Nickel-Cadmium or the Ni-Cd rechargeable batteries are a type of alkaline storage battery, classified as a secondary battery. As the name suggests, they are made from two chemical elements, nickel hydroxide, cadmium and an alkaline electrolyte, which is usually a solution of Potassium Hydroxide.
Invented in I899 by Waldemar Jungner of Sweden, their practical application was only made possible after 50 years, with the development of the sealed battery by Frenchman, Neumann.
The Ni-Cd batteries are used in a variety of applications all over the world. They comprise of a positive electrode plate that uses nickel hydroxide as the main material, and a negative electrode plate that uses cadmium compound as the main active material.
There are two varieties of Ni-Cd batteries: sealed and vented. The smaller sealed variety is used in toys and other portable electronics. Specialty Ni-Cd batteries are used in wireless and cordless telephones, old motherboards, laptops cell phones and other applications. These batteries can supply high surge currents making them perfect for use in remote-controlled cars, boats, airplanes, camera flash units etc.
When compared to other rechargeable batteries, Ni-Cd is beneficial in many ways. They are strong and cannot be damaged easily, with the ability to withstand deep discharges for longer periods. They also have more endurance to the charge and discharge cycles. These batteries are lightweight and smaller even when compared to the lead-acid battery, making them a preferred choice in aircrafts where size and weight are crucial factors.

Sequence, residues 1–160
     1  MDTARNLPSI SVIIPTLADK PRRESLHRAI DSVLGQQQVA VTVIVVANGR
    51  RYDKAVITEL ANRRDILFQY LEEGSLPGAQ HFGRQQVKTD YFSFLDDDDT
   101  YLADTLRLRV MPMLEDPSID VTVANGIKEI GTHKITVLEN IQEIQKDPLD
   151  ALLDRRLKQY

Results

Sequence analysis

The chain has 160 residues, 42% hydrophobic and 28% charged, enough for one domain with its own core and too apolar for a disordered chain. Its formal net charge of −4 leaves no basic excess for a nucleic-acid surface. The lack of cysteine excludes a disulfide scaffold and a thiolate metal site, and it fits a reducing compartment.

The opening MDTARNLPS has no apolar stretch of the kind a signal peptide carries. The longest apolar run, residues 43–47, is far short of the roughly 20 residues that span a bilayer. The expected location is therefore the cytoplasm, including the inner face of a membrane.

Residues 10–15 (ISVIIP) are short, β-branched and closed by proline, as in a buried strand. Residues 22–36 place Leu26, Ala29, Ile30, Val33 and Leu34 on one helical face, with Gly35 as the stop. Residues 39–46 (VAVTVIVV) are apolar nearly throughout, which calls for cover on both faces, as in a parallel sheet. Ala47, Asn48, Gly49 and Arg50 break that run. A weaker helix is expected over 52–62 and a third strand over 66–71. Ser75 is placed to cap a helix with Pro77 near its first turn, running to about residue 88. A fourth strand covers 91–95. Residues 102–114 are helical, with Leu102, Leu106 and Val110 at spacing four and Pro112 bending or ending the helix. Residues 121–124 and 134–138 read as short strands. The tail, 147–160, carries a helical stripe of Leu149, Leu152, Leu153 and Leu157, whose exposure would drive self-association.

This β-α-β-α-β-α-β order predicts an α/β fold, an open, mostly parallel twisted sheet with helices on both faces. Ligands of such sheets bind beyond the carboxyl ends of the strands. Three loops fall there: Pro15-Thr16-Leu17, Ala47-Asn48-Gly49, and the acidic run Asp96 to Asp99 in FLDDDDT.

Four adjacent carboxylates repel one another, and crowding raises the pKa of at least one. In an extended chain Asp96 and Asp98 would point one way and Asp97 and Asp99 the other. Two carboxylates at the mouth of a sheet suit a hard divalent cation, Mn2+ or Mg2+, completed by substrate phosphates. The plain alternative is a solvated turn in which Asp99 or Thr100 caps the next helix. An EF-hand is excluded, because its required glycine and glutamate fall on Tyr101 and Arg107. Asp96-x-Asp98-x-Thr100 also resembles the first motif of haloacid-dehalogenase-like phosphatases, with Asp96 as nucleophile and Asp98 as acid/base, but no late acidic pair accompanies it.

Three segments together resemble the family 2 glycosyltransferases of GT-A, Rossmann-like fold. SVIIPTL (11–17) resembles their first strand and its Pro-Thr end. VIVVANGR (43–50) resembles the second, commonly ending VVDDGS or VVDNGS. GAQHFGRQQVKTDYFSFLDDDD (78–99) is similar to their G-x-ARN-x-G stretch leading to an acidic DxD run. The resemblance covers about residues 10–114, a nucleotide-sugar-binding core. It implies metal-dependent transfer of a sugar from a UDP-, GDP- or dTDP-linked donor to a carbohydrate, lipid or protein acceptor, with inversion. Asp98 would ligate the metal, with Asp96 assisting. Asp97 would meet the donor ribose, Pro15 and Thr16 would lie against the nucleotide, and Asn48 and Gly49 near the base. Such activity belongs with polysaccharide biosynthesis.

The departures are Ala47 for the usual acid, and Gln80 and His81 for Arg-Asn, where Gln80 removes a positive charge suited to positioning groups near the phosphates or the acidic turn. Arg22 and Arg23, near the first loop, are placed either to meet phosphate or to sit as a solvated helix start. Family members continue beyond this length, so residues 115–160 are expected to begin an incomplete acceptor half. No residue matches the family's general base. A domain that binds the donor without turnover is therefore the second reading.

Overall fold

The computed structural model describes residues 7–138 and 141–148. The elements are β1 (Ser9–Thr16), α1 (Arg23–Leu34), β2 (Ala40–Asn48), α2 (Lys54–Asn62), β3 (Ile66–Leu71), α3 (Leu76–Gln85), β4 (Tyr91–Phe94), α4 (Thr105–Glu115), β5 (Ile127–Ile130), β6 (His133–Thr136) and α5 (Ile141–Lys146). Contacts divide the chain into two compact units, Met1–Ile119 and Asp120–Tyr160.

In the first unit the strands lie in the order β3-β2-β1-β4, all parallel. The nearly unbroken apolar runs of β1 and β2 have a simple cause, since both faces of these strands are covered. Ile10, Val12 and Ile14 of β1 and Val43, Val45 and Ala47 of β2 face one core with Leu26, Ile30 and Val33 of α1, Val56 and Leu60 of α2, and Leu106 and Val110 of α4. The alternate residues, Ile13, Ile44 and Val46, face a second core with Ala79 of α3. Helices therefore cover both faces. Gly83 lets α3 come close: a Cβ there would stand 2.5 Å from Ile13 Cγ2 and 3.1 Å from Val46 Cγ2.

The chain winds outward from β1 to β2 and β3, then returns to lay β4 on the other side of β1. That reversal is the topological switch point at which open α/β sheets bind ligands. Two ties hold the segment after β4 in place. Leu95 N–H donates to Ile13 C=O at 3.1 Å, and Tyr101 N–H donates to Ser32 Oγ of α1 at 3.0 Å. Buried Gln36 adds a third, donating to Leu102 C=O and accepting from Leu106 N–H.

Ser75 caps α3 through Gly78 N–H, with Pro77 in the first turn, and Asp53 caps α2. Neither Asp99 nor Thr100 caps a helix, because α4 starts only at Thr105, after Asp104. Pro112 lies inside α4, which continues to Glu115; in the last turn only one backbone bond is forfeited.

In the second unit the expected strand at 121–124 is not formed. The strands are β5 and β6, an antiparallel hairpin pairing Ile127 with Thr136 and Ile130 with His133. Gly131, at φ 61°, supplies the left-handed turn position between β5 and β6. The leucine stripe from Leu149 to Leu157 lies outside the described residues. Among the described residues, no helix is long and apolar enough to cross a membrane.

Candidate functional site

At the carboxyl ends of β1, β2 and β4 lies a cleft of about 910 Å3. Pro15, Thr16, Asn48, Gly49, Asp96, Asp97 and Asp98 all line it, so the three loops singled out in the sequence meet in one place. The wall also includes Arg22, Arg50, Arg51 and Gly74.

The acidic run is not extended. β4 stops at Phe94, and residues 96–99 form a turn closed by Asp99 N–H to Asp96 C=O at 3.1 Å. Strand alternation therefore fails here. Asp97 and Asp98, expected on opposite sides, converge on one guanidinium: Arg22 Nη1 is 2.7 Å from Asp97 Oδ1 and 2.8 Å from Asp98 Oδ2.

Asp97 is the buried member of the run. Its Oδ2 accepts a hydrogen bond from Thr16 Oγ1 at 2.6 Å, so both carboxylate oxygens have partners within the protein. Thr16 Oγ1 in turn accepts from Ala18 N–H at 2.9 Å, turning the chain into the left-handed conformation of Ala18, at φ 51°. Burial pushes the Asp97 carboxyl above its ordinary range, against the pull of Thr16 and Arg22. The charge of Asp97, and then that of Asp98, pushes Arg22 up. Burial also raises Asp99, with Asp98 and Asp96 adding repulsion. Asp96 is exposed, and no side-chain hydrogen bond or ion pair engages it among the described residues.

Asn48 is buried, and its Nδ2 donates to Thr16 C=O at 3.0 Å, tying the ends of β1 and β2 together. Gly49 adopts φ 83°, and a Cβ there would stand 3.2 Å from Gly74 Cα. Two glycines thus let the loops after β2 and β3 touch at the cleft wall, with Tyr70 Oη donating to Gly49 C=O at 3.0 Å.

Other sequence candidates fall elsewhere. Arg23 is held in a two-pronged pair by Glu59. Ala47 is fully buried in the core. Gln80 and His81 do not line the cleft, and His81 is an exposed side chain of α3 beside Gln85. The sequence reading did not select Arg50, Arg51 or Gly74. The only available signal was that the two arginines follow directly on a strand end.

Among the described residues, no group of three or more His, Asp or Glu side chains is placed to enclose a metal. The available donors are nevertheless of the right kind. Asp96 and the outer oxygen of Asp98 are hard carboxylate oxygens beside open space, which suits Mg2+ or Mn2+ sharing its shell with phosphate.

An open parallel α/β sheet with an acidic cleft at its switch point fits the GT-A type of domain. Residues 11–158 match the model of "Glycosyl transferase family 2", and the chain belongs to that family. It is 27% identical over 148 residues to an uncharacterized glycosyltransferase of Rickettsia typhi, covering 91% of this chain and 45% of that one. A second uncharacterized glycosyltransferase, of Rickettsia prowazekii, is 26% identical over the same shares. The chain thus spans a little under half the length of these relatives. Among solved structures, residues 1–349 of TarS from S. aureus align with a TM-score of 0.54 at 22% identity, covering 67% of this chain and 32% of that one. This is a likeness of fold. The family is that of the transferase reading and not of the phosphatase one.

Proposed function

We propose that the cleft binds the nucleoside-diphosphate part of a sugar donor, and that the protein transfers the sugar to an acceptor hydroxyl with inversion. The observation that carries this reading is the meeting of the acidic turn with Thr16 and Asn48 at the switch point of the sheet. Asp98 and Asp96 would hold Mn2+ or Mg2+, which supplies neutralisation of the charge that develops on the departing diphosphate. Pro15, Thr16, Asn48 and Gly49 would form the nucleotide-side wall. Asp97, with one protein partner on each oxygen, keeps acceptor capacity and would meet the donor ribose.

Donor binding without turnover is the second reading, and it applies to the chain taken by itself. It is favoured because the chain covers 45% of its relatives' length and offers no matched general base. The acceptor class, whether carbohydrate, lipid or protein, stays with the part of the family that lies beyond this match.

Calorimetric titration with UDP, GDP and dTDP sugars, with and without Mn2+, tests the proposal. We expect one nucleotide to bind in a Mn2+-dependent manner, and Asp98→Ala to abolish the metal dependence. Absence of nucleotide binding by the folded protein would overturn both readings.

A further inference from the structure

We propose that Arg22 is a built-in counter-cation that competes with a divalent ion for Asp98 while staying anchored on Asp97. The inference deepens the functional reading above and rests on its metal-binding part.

However, there is one drawback, if you can call it that. Ni-Cd are known for their “memory effect.” Memory effect is when batteries “think” that they are fully charged even when they are not. If your battery is about 80% charged, it thinks it is 100% charged, and due to this thinking, does not charge any further even when placed on the charger. The problem is that when gadgets with Ni-Cd batteries are used, they last for a shorter time because of being charged less. This problem mostly affects older batteries and not the brand new ones. However, there is a solution to this memory effect – that of performing a “full recharge cycle,” which is to let the gadget discharge completely before recharging it again. For example, recharge only when your cell phone starts beeping.
Now that the memory effect has been taken care of, let us look at some more benefits of Ni-Cd rechargeable batteries. They can be used for as many as 500 full recharge cycles, which is on the higher side. The charge is also retained for a longer time when not in use. Losing only 1% of charge per day takes almost four months for the battery to be completely discharged.
In spite of the Ni-Cd batteries costing more, having slightly lower voltage and the memory effect; their demand has not diminished because they have a significantly longer total lifetime than alkaline cells, which is what consumers look for when buying batteries – a long lasting battery.